Thursday, 29 July 2010

Five days

I had been looking forward to Nick Robinson's television programme about the five days between the election and the formation of the new coalition government. Television is not good at perspective generally - it far prefers drama - but it is good at direct testimony, though even then much depends on editing and commentary. But then so do books. On TV the main actors get to speak even if only in sound bites. I think how fascinating it would be - and often is - to hear archive interviews with important political figures of the past, in fact anyone in the past.

I thought it was a good, properly edited attempt at a TV essay. We learned some new things and were confirmed in our beliefs about some old things. I am not sure the numbers game aspect of the whole was as fully developed as it might have been. I am not at all sure that Nick Clegg could have cut a working deal with Labour even after Gordon Brown's resignation. How would that have worked? On the other hand how does this coalition work? It is a huge risk for the LibDems and no real risk for the Tories.

If only Gordon Brown had gone earlier, at the first major challenge, and called a snap general election! A new Labour leader might have been defeated but would have stood a better chance than Brown did. It wasn't so much Labour that was voted down, I think - it was Brown. In any case, it would have been a new honourable start. If a new leader of the party were in place he (or she, though who?) would have had a party mandate and a relatively clean sheet. In the case of a hung parliament he could more easily have formed a natural coalition with the LibDem leader. Brown should have seen this and gone.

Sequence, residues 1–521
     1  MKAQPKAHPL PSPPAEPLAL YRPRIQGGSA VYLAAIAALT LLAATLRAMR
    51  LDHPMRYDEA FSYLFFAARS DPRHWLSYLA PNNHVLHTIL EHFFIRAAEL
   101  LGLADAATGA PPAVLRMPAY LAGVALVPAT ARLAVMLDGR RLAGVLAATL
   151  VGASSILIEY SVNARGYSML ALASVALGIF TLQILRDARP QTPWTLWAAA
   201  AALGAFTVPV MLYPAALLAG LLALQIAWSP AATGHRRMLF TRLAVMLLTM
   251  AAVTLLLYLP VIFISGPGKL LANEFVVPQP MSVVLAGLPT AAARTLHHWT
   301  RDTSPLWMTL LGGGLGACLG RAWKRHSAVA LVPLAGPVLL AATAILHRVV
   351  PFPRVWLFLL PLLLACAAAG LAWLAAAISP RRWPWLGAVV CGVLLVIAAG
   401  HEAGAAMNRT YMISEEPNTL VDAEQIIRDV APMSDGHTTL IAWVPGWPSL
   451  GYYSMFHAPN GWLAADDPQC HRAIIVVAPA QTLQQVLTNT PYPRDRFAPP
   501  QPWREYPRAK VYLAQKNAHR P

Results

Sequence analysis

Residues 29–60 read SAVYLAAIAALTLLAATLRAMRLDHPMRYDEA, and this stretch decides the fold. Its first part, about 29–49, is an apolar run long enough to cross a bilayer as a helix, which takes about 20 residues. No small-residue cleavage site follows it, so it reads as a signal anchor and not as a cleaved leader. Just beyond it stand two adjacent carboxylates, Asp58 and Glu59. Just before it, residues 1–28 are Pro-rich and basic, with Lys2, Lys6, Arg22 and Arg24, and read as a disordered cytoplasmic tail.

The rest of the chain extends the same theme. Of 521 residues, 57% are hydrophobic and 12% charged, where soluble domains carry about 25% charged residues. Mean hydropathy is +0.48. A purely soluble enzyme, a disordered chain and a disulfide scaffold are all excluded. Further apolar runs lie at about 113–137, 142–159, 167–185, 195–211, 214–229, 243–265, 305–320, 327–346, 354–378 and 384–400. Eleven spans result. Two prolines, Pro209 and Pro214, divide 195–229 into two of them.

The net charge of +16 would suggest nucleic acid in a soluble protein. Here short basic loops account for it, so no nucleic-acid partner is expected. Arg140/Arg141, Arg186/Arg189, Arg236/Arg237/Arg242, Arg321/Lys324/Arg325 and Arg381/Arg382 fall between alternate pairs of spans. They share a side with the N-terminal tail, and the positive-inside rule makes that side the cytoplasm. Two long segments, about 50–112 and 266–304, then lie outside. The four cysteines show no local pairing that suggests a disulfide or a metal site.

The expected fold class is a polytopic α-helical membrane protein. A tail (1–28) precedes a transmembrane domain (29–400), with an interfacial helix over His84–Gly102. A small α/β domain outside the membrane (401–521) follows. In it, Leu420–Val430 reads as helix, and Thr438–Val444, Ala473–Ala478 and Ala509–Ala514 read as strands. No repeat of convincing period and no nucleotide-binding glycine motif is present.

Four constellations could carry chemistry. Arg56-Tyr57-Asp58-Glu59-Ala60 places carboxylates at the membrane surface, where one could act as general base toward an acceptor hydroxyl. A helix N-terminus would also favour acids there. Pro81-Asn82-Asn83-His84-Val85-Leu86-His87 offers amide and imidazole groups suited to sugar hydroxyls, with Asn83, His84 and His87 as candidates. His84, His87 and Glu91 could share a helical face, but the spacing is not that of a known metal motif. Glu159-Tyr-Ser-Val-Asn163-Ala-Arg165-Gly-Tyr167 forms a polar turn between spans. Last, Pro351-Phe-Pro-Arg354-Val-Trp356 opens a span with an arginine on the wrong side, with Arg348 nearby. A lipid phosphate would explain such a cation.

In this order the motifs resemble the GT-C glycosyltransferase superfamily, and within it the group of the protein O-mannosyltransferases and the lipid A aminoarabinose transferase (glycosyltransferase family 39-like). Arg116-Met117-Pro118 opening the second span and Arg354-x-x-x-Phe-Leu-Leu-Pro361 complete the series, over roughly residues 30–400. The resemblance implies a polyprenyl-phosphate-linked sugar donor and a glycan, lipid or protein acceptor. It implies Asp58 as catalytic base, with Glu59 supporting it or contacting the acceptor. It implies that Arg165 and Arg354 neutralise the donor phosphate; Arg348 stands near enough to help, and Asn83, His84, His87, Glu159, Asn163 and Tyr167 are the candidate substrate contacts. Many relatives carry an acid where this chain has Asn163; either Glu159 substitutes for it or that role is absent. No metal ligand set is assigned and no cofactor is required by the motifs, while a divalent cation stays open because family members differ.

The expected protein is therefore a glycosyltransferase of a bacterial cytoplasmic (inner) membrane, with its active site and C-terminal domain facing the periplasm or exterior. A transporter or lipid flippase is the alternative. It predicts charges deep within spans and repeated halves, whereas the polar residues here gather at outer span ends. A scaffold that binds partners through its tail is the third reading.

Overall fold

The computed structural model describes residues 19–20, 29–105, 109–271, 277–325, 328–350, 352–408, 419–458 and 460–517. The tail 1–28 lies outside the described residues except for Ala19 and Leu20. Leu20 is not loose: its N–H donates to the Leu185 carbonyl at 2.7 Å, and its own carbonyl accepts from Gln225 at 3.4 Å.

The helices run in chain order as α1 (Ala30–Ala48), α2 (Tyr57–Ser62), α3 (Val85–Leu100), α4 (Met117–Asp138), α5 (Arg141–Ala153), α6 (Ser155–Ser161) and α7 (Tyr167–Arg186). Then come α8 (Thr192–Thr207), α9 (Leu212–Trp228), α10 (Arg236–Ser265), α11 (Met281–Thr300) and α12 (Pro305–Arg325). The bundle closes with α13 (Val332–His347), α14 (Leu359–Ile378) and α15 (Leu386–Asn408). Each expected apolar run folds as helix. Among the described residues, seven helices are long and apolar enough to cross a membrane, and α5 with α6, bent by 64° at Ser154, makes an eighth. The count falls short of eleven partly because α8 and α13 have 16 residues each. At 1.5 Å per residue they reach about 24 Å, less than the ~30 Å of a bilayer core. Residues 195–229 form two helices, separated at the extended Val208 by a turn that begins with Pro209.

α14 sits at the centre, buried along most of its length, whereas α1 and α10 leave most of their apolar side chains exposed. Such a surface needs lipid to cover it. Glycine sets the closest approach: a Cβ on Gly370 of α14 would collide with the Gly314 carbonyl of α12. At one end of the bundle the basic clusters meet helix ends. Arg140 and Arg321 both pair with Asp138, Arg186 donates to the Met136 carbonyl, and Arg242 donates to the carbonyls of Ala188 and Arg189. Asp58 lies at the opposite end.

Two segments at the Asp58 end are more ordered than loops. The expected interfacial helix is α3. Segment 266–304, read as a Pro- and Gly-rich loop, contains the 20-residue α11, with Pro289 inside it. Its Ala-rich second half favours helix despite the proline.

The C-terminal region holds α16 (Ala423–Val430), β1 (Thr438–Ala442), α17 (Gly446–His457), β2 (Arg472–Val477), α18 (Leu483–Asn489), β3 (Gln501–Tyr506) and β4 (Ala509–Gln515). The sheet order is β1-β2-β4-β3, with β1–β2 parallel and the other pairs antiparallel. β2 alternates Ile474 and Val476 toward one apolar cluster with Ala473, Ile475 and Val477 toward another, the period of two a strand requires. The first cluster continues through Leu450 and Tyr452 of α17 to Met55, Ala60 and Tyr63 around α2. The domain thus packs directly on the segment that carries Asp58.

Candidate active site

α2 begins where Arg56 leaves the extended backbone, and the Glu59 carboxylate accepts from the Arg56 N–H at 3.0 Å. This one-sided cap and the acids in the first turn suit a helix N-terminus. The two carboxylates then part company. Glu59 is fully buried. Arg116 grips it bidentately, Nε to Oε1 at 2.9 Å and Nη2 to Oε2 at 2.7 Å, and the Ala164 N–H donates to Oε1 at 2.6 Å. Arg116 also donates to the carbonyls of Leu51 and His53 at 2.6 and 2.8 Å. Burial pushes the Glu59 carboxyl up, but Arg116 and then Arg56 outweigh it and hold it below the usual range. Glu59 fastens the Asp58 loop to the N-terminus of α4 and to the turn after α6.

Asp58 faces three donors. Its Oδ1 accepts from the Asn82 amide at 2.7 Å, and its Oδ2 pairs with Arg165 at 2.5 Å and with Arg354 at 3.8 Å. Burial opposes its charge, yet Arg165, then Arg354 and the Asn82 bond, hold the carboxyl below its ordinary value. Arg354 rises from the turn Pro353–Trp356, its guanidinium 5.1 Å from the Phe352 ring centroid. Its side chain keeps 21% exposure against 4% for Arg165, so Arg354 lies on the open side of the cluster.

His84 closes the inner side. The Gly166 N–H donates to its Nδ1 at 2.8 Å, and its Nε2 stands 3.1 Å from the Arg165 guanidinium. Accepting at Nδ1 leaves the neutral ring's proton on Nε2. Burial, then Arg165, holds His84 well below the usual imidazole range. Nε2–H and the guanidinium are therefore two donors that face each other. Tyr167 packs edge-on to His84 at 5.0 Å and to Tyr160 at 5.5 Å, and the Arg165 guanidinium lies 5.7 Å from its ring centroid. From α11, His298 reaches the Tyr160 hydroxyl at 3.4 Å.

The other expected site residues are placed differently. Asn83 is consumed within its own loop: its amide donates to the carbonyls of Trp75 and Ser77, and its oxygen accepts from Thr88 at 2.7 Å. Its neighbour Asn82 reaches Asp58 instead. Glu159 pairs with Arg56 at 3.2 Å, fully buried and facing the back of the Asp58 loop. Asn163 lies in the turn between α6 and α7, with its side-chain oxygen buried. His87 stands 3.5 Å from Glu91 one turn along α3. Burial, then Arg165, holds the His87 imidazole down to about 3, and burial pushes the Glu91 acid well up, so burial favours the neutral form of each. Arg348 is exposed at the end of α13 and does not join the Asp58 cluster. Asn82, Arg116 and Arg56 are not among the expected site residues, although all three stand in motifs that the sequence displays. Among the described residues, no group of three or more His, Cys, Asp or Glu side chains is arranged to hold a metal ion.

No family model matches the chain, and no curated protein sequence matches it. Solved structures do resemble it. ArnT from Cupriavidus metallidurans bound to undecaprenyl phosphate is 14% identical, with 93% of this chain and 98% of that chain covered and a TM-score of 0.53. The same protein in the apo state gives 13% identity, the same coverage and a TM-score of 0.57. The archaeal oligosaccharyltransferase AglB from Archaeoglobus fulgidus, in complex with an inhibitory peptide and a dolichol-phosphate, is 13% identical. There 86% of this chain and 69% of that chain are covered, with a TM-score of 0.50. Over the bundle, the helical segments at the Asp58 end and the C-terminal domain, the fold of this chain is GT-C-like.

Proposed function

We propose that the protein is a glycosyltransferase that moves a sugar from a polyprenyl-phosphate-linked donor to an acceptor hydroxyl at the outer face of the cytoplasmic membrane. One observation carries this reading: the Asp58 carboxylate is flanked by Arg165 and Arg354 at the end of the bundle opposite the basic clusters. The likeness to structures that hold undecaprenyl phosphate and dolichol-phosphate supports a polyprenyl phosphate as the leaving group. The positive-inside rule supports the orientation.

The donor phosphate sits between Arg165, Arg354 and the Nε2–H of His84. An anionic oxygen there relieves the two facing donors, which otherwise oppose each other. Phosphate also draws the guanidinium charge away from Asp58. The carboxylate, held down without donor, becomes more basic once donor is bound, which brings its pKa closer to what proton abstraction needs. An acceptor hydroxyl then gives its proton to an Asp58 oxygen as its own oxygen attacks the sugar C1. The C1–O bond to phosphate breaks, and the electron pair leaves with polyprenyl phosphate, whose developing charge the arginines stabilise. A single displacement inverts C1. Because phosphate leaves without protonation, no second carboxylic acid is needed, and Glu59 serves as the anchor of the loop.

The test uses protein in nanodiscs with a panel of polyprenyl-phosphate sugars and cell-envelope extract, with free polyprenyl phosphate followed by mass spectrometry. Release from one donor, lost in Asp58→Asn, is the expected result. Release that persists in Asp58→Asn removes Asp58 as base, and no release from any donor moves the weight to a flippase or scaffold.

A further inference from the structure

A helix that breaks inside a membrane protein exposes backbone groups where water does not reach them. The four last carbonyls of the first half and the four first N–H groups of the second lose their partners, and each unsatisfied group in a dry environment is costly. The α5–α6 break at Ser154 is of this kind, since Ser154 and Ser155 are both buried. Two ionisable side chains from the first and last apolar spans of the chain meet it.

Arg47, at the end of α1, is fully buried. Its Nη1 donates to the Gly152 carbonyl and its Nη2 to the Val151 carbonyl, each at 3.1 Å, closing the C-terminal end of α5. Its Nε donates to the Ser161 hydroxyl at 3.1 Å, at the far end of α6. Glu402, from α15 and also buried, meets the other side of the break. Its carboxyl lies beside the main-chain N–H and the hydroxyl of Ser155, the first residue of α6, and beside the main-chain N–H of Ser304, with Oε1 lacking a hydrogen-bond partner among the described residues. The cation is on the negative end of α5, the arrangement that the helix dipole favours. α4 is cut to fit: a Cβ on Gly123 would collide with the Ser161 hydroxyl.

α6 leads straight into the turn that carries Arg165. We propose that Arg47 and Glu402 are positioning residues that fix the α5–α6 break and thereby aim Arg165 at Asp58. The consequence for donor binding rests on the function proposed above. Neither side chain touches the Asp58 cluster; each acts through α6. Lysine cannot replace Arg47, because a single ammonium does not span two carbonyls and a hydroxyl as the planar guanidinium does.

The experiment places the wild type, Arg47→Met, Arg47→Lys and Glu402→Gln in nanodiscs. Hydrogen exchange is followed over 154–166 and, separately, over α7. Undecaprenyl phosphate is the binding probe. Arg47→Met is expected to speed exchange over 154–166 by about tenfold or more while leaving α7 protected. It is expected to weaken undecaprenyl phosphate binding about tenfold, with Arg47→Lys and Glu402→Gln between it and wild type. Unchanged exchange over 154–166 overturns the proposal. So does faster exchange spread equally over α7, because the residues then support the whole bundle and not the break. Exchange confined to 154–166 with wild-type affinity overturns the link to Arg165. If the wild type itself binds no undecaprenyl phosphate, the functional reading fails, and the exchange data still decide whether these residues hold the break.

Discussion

Too late. I hope Raith Rovers have a good season. For some reason I have always had a soft spot for them, as did my father.


James said...

Glory Hunter. Big city Kirkcaldy plastic. East Fife is where the real fans are. Up the, er (checks...) Fifers!

George S said...

The mystery is not only why I should have a soft spot for them but why my father had.

I can only think it is euphony of a particularly potent sort. But in all his years I never suspected dad of euphony.

Everyone's favourite football score must surely be:

Forfar 5, East Fife 4.

Or the other way round if you'd prefer.